- Virginia Department for the Aging - Resources for Grandparents (Web page)
- Virginia Easy Access (Web page)
Applicable Law, Code & Regulations
- Federal Requirements (Web page)
- Adoption and Safe Families Act: Appling the Notice and Right to be Heard Provision in Virginia's Juvenile and Domestic Relations District Courts
- Child Welfare and Adoption Assistance Act of 1980: Public Law 96-272
- Title IV-B of the Social Security Act
- Title IV-E of the Social Security Act
- Adoption and Safe Families Act of 1997: Public Law 105-89
- Foster Care Independence Act of 1999
- Code of Virginia (Web page)
- Federal Requirements (Web page)
About Foster Care Services
Ideally, at-risk children should remain with their actual families whenever possible. Although foster care services offered by the state of Virginia make every effort to keep them together, it isn't always possible. Once it is determimed that a child must leave the family unit and go into foster care, a host of other services becomes available to them, which are designed to promote child safety and well-being within a nurturing, family environment.
This involves placing a child with a foster family, group home, residential children's facility or an independent living arrangement.
Teaching Independent Living Skills
Services are designed to help foster kids ages 14-21 to develop the skills necessary to transition from foster care to self-sufficiency. Personal development skills such as self-esteem, communication skills, decision-making, conflict resolution and anger management are emphasized.
Physical or Mental Health Treatment
This service often includes help with:
- Substance abuse
- Nutritional deficiency
- Physical disabilities
- Providing good role models for parents
- Role modeling such as Big Brother/Big Sister programs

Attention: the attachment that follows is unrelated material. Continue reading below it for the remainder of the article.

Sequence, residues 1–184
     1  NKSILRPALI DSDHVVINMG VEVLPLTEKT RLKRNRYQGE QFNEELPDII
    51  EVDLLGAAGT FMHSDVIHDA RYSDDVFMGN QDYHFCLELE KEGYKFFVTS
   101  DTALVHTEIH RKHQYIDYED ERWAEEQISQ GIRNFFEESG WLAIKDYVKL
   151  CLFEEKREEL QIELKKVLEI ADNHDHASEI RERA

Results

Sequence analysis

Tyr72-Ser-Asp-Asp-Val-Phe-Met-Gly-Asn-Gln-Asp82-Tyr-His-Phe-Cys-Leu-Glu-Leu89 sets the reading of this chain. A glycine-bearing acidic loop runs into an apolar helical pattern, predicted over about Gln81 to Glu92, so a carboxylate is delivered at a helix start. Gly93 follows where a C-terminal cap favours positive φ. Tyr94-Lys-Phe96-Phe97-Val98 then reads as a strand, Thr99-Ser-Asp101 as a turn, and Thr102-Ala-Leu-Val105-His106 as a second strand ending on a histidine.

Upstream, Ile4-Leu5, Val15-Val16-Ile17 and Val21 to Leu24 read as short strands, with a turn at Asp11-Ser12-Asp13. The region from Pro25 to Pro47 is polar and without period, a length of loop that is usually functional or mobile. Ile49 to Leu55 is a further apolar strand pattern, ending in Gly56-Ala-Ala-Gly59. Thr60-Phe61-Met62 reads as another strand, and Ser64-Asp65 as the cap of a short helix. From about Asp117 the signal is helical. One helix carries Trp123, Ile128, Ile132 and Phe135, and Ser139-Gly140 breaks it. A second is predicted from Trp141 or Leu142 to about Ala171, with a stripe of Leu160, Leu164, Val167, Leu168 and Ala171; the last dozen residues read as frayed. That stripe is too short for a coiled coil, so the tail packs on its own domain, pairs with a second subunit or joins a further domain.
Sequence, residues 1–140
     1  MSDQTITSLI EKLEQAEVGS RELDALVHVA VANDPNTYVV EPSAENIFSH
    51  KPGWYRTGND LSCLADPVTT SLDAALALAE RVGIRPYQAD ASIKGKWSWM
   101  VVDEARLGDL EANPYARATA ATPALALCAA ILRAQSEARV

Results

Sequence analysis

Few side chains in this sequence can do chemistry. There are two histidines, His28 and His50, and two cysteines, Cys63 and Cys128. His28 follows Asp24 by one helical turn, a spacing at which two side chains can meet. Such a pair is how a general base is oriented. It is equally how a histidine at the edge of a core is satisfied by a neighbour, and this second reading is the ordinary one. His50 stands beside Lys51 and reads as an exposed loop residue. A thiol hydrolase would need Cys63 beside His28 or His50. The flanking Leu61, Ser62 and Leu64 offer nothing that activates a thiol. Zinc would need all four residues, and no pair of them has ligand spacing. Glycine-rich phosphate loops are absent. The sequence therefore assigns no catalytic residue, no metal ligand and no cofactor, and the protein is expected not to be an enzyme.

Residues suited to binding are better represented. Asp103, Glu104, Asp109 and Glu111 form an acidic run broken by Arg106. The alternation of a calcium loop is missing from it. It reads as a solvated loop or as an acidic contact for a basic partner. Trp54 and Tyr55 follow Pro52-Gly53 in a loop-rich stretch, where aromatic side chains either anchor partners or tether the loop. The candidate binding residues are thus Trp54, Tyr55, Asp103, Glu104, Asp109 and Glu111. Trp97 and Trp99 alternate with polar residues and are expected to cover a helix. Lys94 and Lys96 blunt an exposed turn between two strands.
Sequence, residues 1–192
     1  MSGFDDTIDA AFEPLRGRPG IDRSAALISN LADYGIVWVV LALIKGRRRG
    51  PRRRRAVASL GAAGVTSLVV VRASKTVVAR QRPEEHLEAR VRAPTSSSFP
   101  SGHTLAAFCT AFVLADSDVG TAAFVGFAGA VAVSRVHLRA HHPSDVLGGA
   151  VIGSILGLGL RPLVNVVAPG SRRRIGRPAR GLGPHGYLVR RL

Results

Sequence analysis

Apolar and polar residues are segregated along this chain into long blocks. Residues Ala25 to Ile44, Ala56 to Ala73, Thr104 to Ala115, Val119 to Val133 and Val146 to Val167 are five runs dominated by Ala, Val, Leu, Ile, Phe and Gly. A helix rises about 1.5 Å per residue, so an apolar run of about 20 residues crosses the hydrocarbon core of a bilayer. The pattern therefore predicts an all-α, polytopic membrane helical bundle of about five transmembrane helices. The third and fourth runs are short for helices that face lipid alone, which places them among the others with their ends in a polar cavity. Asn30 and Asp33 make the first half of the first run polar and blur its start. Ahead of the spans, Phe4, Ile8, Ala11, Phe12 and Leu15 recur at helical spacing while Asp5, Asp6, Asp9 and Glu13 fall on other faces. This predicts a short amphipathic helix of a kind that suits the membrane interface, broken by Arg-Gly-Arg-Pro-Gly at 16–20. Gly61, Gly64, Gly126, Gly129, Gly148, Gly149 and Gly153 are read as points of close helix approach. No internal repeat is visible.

Opportunity for a Permanent Living Situation
This involves fostering relationships between children and relatives or previous caregivers. For older youth leaving care this might include helping find an apartment or a roommate.
- Section 01: Foster Care Overview (PDF)
- Section 02: Engaging the child, family and significant adults (PDF)
- Section 03: Entering Foster Care (PDF)
- Section 04: Opening and Maintaining the Case (PDF)
- Section 05: Conducting Child and Family Assessment (PDF)
- Section 06: Placement to Achieve Permanency (PDF)
- Section 07: Selecting Permanency Goals (PDF)
- Section 08: Achieving Permanency Goal Return Home (PDF)
- Section 09: Achieving Permanency Goal Adoption (PDF)
- Section 10: Achieving Permanency Goal Custody Transfer to Relatives (PDF)
- Section 11: Alternative Foster Care Goals (PDF)
- Section 12: Developing Service Plan (PDF)
- Section 13: Providing Foster Care Services (PDF)
- Section 14: Achieving Permanency for Older Youth (PDF)
- Section 15: Judicial and Mandated Foster Care Reviews (PDF)
- Section 16: Managing Foster Care Services (PDF)
- Section 17: Funding Maintenance Costs (PDF)
- Section 18: Closing a Case to Foster Care (PDF)
- Transmittal #245 (PDF)
Other Foster Care Guidance Manuals
- 90-Day Transition Plan for Success (DOC)
- Agreement to Resume Independent Living Services (DOC)
- Application to Resume Independent Living Services (DOC)
- Background Investigations (Web page)
- Best Interest Determination for Foster Care School Placement Form (DOC)
- Children’s Residential Facilities Agreement: Code of Ethics and Mutual Responsibilities (DOC)
- Contingency Fund Application (PDF)
- Education and Training Vouchers (ETV) Program Application (XLS)
- Education and Training Vouchers (ETV) Program Application (PDF)
- Financial Agreement for Local Department of Social Services Approved Providers (Foster Parents) (XLS)
- Foster Care Agreement: Code of Ethics and Mutual Responsibilities (DOC)
- Immediate Enrollment of Child in Foster Care (DOC)
- Independent Living Transition Plan (DOC)
- LDSS Response to Request for VEMAT Review (DOC)
- Reasonable Candidacy Documentation Form (PDF)
- Relative Notification (DOC)
- Request for VEMAT Administration Due to Change in Child’s Behavior (PDF)
- Request for VEMAT Review (DOC)
- Sworn Statement of Affirmation for Foster and Adoptive Parents, Adult Household Members (PDF)
- Temporary Entrustment Agreement (DOC)
- Title IV-E Foster Care & Medicaid Application/Redetermination (PDF)
- Title IV-E Foster Care & Medicaid Initial Evaluation (PDF)
- Virginia Enhanced Maintenance Assessment Tool (VEMAT) (PDF)
- Virginia Putative Father - Registration (PDF)
- Virginia Putative Father - Request to Search Registry-- (PDF)